Sandboxing was one of the best ways to test the security of programs and files. Until now…
As technological advancements continue to be made, the malware authors aren’t far behind. Malware creators are now finding ways to determine if malware is being installed on a virtual machine, or being “sandboxed”, and if so it lays dormant to avoid detection.
Many individuals use virtual machines to test different potential malware samples. They do this, because by doing so on a virtual machine mitigates the risk of the malware spreading. However, now malware authors have found a way to identify if the malware is being used on a virtual machine. Upon recognition of being sandboxed, the malware goes dormant.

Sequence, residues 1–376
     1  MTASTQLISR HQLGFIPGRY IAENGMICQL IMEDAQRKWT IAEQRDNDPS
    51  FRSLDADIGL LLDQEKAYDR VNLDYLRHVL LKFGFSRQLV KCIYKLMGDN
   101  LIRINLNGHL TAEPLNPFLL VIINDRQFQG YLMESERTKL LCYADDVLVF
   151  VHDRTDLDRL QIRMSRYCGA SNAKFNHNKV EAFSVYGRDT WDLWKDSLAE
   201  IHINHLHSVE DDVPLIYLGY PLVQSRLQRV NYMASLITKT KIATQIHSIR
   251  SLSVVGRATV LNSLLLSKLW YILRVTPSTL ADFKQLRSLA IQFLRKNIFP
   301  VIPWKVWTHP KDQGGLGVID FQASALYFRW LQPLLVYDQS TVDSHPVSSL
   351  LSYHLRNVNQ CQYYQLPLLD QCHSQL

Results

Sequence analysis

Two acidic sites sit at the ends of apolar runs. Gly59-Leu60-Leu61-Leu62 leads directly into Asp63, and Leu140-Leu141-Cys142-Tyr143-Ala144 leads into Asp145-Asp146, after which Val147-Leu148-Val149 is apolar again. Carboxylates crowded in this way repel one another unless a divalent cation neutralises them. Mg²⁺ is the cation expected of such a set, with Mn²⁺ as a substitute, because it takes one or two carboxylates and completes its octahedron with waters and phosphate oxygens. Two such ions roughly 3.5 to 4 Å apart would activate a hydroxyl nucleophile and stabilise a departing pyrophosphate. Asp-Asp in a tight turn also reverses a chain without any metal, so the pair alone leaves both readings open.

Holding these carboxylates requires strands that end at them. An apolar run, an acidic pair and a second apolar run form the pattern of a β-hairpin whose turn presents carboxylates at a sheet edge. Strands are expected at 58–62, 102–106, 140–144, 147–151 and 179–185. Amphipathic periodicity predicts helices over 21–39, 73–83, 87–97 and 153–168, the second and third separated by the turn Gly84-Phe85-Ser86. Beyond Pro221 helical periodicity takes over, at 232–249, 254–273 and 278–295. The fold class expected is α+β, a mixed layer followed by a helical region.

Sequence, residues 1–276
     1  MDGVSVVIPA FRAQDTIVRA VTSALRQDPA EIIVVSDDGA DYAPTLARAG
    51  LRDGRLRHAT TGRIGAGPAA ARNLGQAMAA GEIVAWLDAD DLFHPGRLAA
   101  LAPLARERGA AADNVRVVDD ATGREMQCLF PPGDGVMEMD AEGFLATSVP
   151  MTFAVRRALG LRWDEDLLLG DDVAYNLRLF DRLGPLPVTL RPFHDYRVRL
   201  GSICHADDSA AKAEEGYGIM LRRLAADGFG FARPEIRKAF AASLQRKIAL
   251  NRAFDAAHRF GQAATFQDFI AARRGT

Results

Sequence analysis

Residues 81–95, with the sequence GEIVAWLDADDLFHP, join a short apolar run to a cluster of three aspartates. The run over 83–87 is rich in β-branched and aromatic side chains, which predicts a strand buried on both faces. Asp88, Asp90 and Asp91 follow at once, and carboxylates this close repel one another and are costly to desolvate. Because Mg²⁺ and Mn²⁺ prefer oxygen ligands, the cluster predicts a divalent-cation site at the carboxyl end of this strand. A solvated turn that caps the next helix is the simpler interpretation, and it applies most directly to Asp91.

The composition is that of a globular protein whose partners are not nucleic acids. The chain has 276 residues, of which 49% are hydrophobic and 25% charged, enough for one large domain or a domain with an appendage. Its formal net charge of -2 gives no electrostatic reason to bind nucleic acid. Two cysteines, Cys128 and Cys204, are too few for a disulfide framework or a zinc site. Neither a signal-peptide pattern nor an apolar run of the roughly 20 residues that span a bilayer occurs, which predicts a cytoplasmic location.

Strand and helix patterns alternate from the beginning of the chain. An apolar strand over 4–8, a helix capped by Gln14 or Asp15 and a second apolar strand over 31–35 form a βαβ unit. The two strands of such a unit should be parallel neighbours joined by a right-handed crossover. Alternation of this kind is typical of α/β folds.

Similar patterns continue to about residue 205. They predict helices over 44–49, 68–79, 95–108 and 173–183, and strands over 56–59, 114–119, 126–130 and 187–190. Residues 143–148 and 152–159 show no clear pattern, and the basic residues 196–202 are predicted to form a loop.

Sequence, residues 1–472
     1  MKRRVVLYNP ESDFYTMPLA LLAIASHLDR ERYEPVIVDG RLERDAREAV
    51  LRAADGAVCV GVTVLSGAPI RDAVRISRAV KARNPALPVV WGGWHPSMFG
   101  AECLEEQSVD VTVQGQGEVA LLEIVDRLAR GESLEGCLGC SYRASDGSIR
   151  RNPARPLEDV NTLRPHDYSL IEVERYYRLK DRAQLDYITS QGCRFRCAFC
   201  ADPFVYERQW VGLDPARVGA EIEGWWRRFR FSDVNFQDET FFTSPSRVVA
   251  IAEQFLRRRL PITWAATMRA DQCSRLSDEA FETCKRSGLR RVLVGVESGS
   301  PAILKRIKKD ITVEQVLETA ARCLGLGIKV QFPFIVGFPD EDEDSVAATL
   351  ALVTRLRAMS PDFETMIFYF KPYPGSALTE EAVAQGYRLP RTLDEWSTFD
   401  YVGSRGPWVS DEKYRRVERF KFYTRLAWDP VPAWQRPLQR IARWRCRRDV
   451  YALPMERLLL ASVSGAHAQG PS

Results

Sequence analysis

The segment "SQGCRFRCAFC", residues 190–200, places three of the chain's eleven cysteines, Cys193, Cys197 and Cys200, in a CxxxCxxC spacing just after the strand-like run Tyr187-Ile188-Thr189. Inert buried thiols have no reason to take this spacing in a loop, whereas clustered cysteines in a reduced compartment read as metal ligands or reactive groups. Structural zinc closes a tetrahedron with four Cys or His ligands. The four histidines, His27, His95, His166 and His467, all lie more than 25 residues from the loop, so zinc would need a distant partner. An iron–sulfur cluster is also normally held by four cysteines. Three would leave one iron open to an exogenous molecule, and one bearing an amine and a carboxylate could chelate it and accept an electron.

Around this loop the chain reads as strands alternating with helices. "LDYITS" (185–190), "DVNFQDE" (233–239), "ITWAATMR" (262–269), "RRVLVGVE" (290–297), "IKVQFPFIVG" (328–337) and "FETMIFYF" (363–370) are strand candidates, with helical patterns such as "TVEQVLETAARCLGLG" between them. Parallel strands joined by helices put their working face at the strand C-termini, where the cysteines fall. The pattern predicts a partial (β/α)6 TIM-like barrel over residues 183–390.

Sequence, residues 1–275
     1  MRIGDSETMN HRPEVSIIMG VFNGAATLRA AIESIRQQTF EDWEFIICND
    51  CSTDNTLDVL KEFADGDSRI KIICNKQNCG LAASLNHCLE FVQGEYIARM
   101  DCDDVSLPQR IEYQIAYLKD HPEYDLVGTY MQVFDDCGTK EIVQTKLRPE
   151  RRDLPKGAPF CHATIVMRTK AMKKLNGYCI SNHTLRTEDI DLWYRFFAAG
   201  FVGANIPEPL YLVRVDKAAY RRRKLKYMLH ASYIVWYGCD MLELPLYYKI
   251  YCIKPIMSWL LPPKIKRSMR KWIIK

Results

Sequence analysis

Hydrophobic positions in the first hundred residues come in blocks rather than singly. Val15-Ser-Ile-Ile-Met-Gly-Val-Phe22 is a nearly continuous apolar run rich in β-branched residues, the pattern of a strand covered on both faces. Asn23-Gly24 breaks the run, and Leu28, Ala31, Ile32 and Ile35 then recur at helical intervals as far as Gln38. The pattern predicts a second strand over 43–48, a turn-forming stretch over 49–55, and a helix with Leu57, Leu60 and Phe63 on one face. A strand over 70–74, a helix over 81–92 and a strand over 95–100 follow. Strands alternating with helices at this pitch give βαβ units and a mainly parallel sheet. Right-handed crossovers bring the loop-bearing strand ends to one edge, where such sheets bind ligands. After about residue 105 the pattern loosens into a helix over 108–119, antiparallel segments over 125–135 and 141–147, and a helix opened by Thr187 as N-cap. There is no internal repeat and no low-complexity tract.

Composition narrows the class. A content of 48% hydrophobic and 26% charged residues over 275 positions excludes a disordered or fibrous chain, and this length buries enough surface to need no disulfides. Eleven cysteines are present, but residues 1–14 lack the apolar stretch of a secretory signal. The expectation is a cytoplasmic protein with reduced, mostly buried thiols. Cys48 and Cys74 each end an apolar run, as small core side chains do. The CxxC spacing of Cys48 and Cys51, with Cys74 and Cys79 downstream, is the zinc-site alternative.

One way, researchers have found, is for the malware to collect data from the “Recent Documents” option within the PC. If there are more than a few documents there, than it is deemed a legitimate PC and proceeds with the infection. Now we’re thinking, if we just load up our virtual machines with “Recent Documents” they’ll never be the wiser. Wrong. According to Yahoo Tech, the anti-sandbox malware also detects the IP of the system and cross references it with a known blacklist of security firm addresses. So if it finds itself in the midst of a security empire, it’ll again go into hiding.